It has been quite a ride for Windstream over the last year or two, even more so than for the rest of us. With restructuring now behind them, the company’s wholesale division is looking to put its newly national network and next generation technology to work in a big way. With us today to talk about Windstream’s new look, its plans for the wholesale marketplace, and the ongoing effects of the pandemic on both the company and the industry as a whole is Joe Scattareggia, EVP of Wholesale Solutions. Joe was with us here for a spotlight a couple years ago, and is back for another round.
TR: Now that the restructuring process is complete, what does Windstream look like today?
JS: September 21st was a big day for Windstream. It was the day we emerged from an 18-month reorganization process that created a new company and a new beginning for Windstream. Under the restructuring we have reduced debt by about $4 billion, and we will have access to roughly $2 billion in new capital. With that enhanced capital structure, we're really well-positioned to make the investments in software and network that we need to, moving forward. And we have a new relationship with Uniti, under which they'll invest $1.7 billion in fiber builds throughout our network. Windstream is now very well positioned in the marketplace, far better than we've ever been before, and the next chapter is going be an exciting time.
TR: Windstream Wholesale seems to have kept busy with many expansions and upgrades. What have you been doing differently, and how will things be changing in the quarters ahead?
JS: The restructuring was basically financial, not organizational. So we have been operating business as usual throughout the 18-month process, and we have been really committed to making sure that the customers are serviced and that we are providing a good level of experience. Our CEO, Tony Thomas, was instrumental in communicating with everyone as he and his team went through the process so that employees could focus on the business at hand: building out the network, serving customers, and selling things. In fact, we've had a number of expansion projects that we've embarked upon throughout the process.
TR: What expansion projects are you currently working on? Where are you focusing your resources?
JS: The biggest project we have right now is in the Northwest. We've recently turned up a link between Portland and Seattle. We have long had fiber rings in Portland and Seattle, and we have now activated fiber between the two, connecting those two islands to the network. We've also recently turned up fiber from Portland to Salt Lake, linking the Northwest to the rest of our network. And we are now in the process of building out Hillsborough, which will be a big splash for us into that market with high count fiber, along with both lit and managed services. In all likelihood, we will probably deploy a Ciena-based solution for the managed type services or spectrum-type services.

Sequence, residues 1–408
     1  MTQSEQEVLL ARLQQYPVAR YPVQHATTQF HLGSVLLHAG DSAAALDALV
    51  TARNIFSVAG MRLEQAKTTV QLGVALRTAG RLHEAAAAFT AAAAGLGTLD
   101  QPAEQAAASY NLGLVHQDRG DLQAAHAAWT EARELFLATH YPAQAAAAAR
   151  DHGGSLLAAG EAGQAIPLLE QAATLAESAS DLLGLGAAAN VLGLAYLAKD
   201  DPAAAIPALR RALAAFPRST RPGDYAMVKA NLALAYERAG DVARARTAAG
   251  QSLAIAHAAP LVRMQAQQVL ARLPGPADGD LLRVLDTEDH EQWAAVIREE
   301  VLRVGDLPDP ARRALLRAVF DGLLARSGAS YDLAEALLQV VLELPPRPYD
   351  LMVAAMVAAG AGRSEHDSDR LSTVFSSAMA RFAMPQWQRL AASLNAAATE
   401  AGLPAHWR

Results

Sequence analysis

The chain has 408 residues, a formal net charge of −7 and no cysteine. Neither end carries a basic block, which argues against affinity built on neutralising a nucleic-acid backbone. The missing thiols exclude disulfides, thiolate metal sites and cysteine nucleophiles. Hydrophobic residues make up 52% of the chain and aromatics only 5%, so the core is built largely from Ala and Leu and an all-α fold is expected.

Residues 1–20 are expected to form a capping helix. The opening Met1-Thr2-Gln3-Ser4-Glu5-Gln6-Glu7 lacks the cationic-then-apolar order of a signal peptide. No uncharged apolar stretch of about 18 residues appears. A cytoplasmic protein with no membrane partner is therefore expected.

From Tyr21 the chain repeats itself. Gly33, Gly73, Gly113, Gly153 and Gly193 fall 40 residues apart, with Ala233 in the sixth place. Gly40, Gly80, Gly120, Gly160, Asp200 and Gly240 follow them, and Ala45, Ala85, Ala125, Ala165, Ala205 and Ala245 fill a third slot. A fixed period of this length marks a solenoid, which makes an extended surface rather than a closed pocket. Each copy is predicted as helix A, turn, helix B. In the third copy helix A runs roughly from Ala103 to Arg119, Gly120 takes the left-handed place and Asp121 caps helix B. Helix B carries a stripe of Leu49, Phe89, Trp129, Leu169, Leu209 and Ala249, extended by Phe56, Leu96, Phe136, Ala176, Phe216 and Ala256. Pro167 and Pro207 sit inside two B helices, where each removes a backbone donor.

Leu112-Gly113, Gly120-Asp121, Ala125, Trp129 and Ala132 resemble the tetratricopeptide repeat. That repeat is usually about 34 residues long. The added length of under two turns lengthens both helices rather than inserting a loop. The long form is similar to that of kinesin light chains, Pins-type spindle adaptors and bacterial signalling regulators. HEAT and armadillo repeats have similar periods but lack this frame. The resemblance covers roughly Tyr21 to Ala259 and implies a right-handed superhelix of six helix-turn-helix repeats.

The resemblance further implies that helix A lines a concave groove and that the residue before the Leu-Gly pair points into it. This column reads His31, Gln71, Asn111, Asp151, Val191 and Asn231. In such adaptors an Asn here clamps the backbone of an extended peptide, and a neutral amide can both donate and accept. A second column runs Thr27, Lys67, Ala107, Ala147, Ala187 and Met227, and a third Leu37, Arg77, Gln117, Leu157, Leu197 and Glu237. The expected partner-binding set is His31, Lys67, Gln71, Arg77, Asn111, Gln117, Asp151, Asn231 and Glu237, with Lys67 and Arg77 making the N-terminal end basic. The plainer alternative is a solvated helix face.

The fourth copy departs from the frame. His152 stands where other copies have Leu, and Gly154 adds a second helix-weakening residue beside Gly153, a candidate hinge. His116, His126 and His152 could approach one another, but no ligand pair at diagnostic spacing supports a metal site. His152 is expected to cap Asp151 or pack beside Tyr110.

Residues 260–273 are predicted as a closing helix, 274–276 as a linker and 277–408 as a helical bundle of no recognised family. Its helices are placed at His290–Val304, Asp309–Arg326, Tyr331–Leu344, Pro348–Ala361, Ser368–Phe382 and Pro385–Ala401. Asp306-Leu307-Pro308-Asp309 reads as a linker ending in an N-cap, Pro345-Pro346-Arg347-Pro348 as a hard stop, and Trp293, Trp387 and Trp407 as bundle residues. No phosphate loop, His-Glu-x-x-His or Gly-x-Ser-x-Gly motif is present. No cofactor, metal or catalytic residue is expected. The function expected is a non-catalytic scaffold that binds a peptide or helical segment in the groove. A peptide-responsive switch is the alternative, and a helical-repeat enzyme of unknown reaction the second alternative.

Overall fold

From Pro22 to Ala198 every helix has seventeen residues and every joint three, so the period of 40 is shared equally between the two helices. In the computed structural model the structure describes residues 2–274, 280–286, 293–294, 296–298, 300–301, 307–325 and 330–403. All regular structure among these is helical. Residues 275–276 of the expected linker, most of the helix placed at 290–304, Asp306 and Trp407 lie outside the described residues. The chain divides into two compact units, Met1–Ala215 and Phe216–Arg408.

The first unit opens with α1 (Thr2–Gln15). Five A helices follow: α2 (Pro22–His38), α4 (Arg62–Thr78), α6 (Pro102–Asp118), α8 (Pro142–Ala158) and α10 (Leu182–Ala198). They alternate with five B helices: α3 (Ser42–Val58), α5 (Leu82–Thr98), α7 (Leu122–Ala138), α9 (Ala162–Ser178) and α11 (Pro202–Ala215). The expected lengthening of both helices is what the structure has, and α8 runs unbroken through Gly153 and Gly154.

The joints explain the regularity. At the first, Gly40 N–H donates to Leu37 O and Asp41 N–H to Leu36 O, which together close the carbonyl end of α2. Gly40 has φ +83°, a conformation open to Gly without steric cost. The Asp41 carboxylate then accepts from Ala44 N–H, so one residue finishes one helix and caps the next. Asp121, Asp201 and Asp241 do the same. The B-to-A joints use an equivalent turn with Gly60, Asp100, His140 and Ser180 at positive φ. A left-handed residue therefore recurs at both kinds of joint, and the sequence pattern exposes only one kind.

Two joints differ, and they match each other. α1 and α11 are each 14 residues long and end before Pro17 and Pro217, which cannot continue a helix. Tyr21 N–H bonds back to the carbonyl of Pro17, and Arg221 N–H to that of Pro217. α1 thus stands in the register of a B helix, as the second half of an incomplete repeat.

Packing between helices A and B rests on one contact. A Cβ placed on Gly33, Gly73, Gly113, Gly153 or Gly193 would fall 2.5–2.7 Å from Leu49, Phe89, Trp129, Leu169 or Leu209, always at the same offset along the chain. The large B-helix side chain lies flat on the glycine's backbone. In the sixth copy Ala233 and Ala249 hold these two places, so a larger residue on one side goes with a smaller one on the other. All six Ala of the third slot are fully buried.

TR: After finishing up in the Pacific Northwest, do you have other geographical expansions in mind?
JS: Once we have Seattle and Portland on the network, that pretty much completes our nationwide footprint. I think from there our expansions will involve building out to landing stations and additional data centers and wherever else our customers want us to be. In terms of international connectivity, we are looking to do something potentially down near the Mexican border and hook up additional landing stations in the Northeast, such as where you have new cables landing in Virginia Beach. When you have these express networks in place, it's a matter of building out to the edge and to the data centers where the cloud providers and content companies so that their network meets up with our longhaul network. We are in constant contact with all the companies that are looking to connect to our network and consume our bandwidth.
TR: You recently announced a next generation technology upgrade for your backbone as well, what does that involve?
JS: We are looking to deploy right now something that we call NCON, or the national converged optical network. It’s going to be a Ciena based solution which will allow us to really scale out the network and build a third rail onto what we currently have today with Infinera, who has the first two rails of our network. That will enable us to do things like 800G core backbone and alien waves, as well as to simply inter-op with other hardware companies to give us the scale and flexibility to do things that we want to do. We recently had an announcement with Everstream for 400G service between Cleveland and Chicago, which was one of the first commercial rollouts for 400G service client-side. From there we'll see where it goes.
TR: How do you view M&A as an option in today’s market?